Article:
Post meditation, what to do?

General discussion of issues related to Theravada Meditation, e.g. meditation postures, developing a regular sitting practice, skillfully relating to difficulties and hindrances, etc.

Post meditation, what to do?

Postby Laurens » Thu Jan 21, 2010 4:12 pm

I struggle sometimes to find a way to incorperate mediation into my daily life. I know that they say meditation should not just be done on the cushion, but I am not entirely sure how I can make the transition. Is it something that I should make a concious effort to do? Or is it something that happens naturally the more I practice?

Right now I often find myself doing OK on the cushion, but not too long after finding myself caught up in greed, hatred and delusion. Is this the practice? The fact that I notice myself in these states? Or is there more of a concious effort to be made on my part?

I would appreciate if someone could clear up exactly what is meant by continuing meditation practice, beyond sitting for 30 mins twice a day, cause it is something that I have never been sure of.

Thanks
"For me, it is far better to grasp the Universe as it really is than to persist in delusion, however satisfying and reassuring."

Carl Sagan
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Re: Post meditation, what to do?

Postby Reductor » Thu Jan 21, 2010 5:53 pm

Set a timer on your watch (phone), and when it goes off resolve on a 10-30 minutes of 'clear awareness'. Being clear of your bodily, verbal and mental actions. Do this once or twice a day, making it longer and longer or more and more frequent.

That is one suggestion.

I find it helpful to classify my thoughts under the hindrances.. When I become aware of sexual desire I have a mental noting 'sexual desire' and then attempt to stand back from it and see what caused it, what factors are promoting it, and see if I can undercut it. When it abates I take stock of its absence, and try to discern if I feel better after it arose, or better after it subsided.

A different approach.

But just keep meditation, and you will find that the better your meditation the more aware you will be during the day. You can also classify you're thoughts, when you notice them, as 'this is pleasant' or 'this is painful', or 'this is neutral'. You will build the habit of reflection one thoughts at a time.

These are all my own take on different parts of the Satipatthana. You can set cues in your day (like an alarm) and then meditate on what your doing at that time (filing, sitting, running, etc).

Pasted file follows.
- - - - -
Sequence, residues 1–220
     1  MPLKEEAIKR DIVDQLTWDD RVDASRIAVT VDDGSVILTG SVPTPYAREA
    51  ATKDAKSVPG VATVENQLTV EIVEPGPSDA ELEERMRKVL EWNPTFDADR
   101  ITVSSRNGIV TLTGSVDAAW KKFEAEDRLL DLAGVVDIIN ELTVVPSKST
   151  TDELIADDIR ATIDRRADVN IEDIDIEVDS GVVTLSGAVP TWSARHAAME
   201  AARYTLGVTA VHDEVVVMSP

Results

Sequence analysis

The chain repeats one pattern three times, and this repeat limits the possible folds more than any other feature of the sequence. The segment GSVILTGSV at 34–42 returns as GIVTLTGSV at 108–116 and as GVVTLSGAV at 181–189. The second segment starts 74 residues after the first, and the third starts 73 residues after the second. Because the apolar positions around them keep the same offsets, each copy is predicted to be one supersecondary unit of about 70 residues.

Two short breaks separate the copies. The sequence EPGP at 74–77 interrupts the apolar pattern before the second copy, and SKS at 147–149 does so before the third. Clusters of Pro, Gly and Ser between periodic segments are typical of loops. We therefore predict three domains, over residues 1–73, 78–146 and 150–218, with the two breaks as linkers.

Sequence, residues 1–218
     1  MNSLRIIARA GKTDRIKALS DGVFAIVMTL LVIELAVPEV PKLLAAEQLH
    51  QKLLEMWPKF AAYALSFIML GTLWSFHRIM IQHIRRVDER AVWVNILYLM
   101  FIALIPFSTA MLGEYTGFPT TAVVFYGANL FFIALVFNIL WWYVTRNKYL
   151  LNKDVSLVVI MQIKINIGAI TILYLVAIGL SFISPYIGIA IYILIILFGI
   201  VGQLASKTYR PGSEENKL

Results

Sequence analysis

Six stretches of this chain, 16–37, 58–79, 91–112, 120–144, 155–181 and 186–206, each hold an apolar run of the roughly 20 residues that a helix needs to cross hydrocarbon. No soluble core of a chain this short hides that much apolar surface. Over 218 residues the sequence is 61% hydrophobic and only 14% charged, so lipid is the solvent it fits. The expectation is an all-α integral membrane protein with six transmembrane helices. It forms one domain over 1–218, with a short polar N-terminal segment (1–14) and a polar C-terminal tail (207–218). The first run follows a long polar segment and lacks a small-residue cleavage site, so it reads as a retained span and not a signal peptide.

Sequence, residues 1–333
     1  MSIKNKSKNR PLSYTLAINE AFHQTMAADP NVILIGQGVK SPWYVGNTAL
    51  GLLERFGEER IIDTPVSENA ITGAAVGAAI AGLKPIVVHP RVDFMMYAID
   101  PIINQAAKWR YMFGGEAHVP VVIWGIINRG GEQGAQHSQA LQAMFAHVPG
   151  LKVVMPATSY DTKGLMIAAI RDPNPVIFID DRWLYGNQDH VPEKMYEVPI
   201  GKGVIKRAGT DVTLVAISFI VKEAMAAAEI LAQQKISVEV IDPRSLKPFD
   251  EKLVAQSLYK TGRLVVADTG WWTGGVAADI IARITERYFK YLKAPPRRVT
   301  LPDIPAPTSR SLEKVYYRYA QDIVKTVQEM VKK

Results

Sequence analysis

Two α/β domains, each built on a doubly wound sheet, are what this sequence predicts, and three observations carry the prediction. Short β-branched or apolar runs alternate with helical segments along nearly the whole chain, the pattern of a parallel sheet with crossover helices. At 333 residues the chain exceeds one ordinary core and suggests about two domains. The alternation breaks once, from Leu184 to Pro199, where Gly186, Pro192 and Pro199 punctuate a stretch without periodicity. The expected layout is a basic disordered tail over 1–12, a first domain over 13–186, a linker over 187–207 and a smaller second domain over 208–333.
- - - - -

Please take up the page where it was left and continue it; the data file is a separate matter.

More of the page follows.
Bye.
Michael

The thoughts I've expressed in the above post are carefully considered and offered in good faith.

And friendliness towards the world is happiness for him who is forbearing with living beings. -- Ud. 2:1
To his own ruin the fool gains knowledge, for it cleaves his head and destroys his innate goodness. -- Dhp 72

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Re: Post meditation, what to do?

Postby seanpdx » Thu Jan 21, 2010 7:06 pm

Laurens wrote:I struggle sometimes to find a way to incorperate mediation into my daily life. I know that they say meditation should not just be done on the cushion, but I am not entirely sure how I can make the transition. Is it something that I should make a concious effort to do? Or is it something that happens naturally the more I practice?

Right now I often find myself doing OK on the cushion, but not too long after finding myself caught up in greed, hatred and delusion. Is this the practice? The fact that I notice myself in these states? Or is there more of a concious effort to be made on my part?

I would appreciate if someone could clear up exactly what is meant by continuing meditation practice, beyond sitting for 30 mins twice a day, cause it is something that I have never been sure of.

Thanks


Noticing when greed/hatred/delusion arise is important because it allows us to do something about them. Sometimes I'll take a very short break (<5min?) to just sit and watch the breath -- not a full sitting, more of a little nudge to get the mind to settle down a bit -- if I notice that the mind is agitated. Sometimes, if I'm particularly busy, I'll watch one or two breaths when I notice a pause in what I'm doing, and then get back to what I was doing. If I see greed/hatred/delusion arise, I'll do the same thing -- watch the breath a bit to settle down the mind -- then look at why the greed/hatred/delusion arose.